Dame Julie Andrews wanted to stay away from the Mary Poppins sequel so much that she turned down $1 million to star in it
The red carpet had been laid out along Hollywood Boulevard and a white canopied marquee protected its stars as they stepped past television cameras and radio microphones at the entrance to the Chinese Theatre.
And so, on August 27, 1964, the stage was set for the premiere of one of the quirkiest hits in Hollywood history – with dancing penguins, an infamously bad ‘cockney’ accent and a little-known leading lady in Julie Andrews.
Now, more than half a century of enchantment – and five Oscars – later, Mary Poppins is back, after a £150 million revamp which is expected to earn millions worldwide when it opens next month.
But while Dick Van Dyke and the penguins are set to make a welcome reappearance, along with the Banks family at the heart of the drama, Dame Julie Andrews is nowhere to be seen. Indeed, The Mail on Sunday understands that the 83-year-old British star was so determined to stay away from the sequel that she even turned down a $1 million offer from the producers to appear.
‘Everyone wanted Julie on board because she IS Mary Poppins,’ said a Disney source. ‘But even though there was talk of a million dollars on the table for her to make a cameo, she shut down all offers. She wasn’t interested in appearing, no matter how big a financial carrot was dangled in front of her.’
The new film, titled Mary Poppins Returns, is not intended to be a faithful remake.
Rather it is set 25 years after the original, at a time when London is in the grip of the 1930s Depression. Poppins, played by Emily Blunt, once again descends from the heavens dangling from her magical umbrella and returns to the Banks’ family home on Cherry Tree Lane to help former charges Jane and Michael, played by Emily Mortimer and Ben Whishaw, raise Michael’s three children after the unexpected death of their mother.
The 83-year-old British star was the star of the 1964 iconic film but had no interest in reprising her role or making a cameo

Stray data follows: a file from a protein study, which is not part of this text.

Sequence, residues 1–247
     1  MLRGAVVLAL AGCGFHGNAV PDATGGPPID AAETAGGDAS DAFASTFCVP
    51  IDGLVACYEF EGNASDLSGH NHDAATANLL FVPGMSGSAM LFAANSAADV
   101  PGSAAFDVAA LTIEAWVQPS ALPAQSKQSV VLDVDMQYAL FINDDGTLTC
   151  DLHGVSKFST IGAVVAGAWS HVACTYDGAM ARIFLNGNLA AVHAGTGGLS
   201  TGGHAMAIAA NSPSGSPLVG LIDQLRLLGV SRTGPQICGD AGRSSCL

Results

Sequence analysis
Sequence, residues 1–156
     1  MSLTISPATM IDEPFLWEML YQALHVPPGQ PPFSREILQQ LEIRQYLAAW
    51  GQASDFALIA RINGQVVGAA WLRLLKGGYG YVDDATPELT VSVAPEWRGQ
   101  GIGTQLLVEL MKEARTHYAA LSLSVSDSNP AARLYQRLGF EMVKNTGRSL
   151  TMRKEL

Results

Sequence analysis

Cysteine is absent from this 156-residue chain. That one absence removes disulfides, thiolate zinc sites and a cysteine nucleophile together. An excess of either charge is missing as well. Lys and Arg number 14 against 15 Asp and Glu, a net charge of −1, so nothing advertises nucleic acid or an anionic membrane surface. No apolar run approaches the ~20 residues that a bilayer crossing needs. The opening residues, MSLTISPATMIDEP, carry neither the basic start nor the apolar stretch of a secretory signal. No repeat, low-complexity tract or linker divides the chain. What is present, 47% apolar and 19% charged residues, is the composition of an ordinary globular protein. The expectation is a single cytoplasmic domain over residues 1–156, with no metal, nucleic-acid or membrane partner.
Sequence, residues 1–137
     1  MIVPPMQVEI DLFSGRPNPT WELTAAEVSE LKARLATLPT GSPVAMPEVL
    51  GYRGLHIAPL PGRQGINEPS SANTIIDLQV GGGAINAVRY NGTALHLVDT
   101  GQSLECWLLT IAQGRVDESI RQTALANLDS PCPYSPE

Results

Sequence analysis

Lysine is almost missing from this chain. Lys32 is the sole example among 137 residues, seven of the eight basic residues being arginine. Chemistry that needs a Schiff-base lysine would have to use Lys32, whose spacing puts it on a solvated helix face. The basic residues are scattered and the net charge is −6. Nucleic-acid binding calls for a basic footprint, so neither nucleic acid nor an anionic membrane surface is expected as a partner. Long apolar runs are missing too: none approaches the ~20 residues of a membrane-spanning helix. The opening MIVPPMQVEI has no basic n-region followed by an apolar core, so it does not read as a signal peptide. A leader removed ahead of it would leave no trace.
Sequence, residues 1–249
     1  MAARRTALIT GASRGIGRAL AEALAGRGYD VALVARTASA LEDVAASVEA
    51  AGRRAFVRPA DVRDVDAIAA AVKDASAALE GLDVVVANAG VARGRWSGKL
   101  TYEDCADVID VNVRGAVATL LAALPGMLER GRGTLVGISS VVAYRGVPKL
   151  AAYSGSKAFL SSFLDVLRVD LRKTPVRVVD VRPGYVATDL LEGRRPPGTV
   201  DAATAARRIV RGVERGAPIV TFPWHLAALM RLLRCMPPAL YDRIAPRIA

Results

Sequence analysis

Andrews is pictured as Mary Poppins in the original. The new version is not intended to be a faithful remake
And the MoS can reveal that, while purists will doubtless complain, the new version is brimming with references to the original.
Even at the age of 92, sprightly Van Dyke jumped at the chance to play a cameo as the son of banker Mr Dawes.
He leaps on to a desk and tap-dances for three minutes in the sequel – and pulls it off flawlessly.
He recently apologised for his attempt at a Cockney accent in the original, where he played a chimney sweep, describing it as ‘the most atrocious accent in the history of cinema’.
He said: ‘People in the UK love to rib me about that accent. They ask what part of England I was meant to be from and I say it was a little shire in the north where most of the people were from Ohio.’
Van Dyke’s chimney sweep character has been ‘modernised’ into a gas lamp lighter called Jack played by Lin-Manuel Miranda who had a voice coach train him for months to ‘perfect’ a Cockney accent.
The famous animation techniques of the original Mary Poppins are also on view. In the 1964 film, the cast appear to ‘jump’ into chalk drawings on the pavement and emerge in a fantasy landscape where they dance with birds, butterflies, turtles and penguins.
In the new version, Disney’s animators return to traditional hand-drawn methods to recreate some of the film’s classic characters in a sequence intended to reprise the free-spirited original.
The dancing penguins are an animation of the outside of a Royal Doulton bowl. All are named after Hollywood legends – (Fred) Astaire, (Oliver) Hardy, (Cary) Grant and (Charlie) Chaplin.
Costume-makers, too, have played their part in reminding fans of the 1964 movie. Blunt’s version of the character has a tiny robin attached to her hat, in tribute to the chirping robins from A Spoonful Of Sugar.
The new version Mary Poppins Returns stars Emily Blunt and will play in cinemas next month
The star-studded new cast includes Colin Firth as bristly bank manager William Wilkins and Dame Julie Walters as Ellen, the Banks’ housekeeper. A flame-haired Meryl Streep plays an entirely fresh character – Mary’s eccentric cousin Topsy, who spends every second Wednesday upside down.
Streep, who has appeared in both Mamma Mia! movies, performs one of the film’s new songs, Turning Turtle, in which she raps hanging upside down from a chandelier.
The actors endured eight intense weeks of rehearsal where every step and note was perfected. Broadway composer Miranda, the creator and star of hit musical Hamilton, described filming the animated sequences as ‘terrifying’, saying: ‘The animators were given notes like, “The penguin is going to be heavier holding on to your cane, can you show us that?”